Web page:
So what does this profit function actually look like? Well, all we really have to do is substitute in what we already know the revenue and cost functions are and then simplify. First we'll go ahead and distribute the negative sign to the x^2, the -1100x and the 1200. Then we combine like terms by grouping together the 20x and the 1100x, and we end up with our profit function as this: p(x) = -x^2 + 1120x - 1200. Whoa, if those numbers are correct, they're going to be rolling in it. I hope they spread the wealth!
This was an example of a function operation - specifically, subtraction. But we can do all the major operations on functions, such as addition, multiplication and division. All of these different operations simply require you to substitute in what you know the function is and go from there, which really isn't too bad, but there are a few reasons that these problems can get tricky.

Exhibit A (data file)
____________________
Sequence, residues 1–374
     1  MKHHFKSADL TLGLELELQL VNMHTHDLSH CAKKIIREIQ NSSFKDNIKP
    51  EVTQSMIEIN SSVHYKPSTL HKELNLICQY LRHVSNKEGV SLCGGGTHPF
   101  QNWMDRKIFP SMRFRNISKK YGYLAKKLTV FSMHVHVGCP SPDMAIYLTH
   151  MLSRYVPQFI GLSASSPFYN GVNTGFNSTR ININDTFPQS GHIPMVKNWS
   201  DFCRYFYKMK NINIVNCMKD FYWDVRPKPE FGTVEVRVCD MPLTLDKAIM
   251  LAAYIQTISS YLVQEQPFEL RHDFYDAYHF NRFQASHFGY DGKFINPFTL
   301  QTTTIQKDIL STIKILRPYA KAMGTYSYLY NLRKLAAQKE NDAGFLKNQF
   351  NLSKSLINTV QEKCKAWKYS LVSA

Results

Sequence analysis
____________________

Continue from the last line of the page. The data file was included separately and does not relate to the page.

First, just the function notation itself often confuses people into thinking it's more difficult than it actually is. Secondly, there is a good amount of prerequisite knowledge you need to know in order to fully solve function operation questions. This is because each operation will end up asking you to do something a little different. For example, when we subtracted functions just a few seconds ago, we were required to combine like terms. But when you multiply functions, you'll often have to remember how to multiply polynomials with FOIL or the area method. But that means as long as you're comfortable with function notation and have a solid algebra background, there isn't anything to it.
Let's take a look at a different example that will ask us to use a different operation, maybe multiplication like I just mentioned. If f(x) = x^2 + 2x - 5 and g(x) = 3x - 1, then what is f(x) * g(x)?
Let's avoid the first pitfall and not let all this function notation freak us out. All we're being asked to do is multiply the two functions, so we can substitute in those expressions they listed for us like this. At this point, it's simply a matter of using our algebra skills to simplify the expression. Because we're multiplying polynomials, that means FOIL-type multiplying. Basically, we need to multiply each term from this front expression with each term in the second one.